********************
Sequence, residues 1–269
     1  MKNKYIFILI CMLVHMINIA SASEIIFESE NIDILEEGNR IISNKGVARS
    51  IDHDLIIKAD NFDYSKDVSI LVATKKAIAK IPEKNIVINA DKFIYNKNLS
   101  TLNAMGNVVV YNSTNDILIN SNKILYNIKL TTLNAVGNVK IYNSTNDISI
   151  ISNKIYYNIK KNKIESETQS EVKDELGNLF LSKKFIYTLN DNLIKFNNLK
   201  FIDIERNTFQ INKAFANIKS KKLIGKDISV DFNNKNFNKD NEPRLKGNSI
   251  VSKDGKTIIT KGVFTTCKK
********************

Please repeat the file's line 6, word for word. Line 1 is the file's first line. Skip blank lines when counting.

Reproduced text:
   201  FIDIERNTFQ INKAFANIKS KKLIGKDISV DFNNKNFNKD NEPRLKGNSI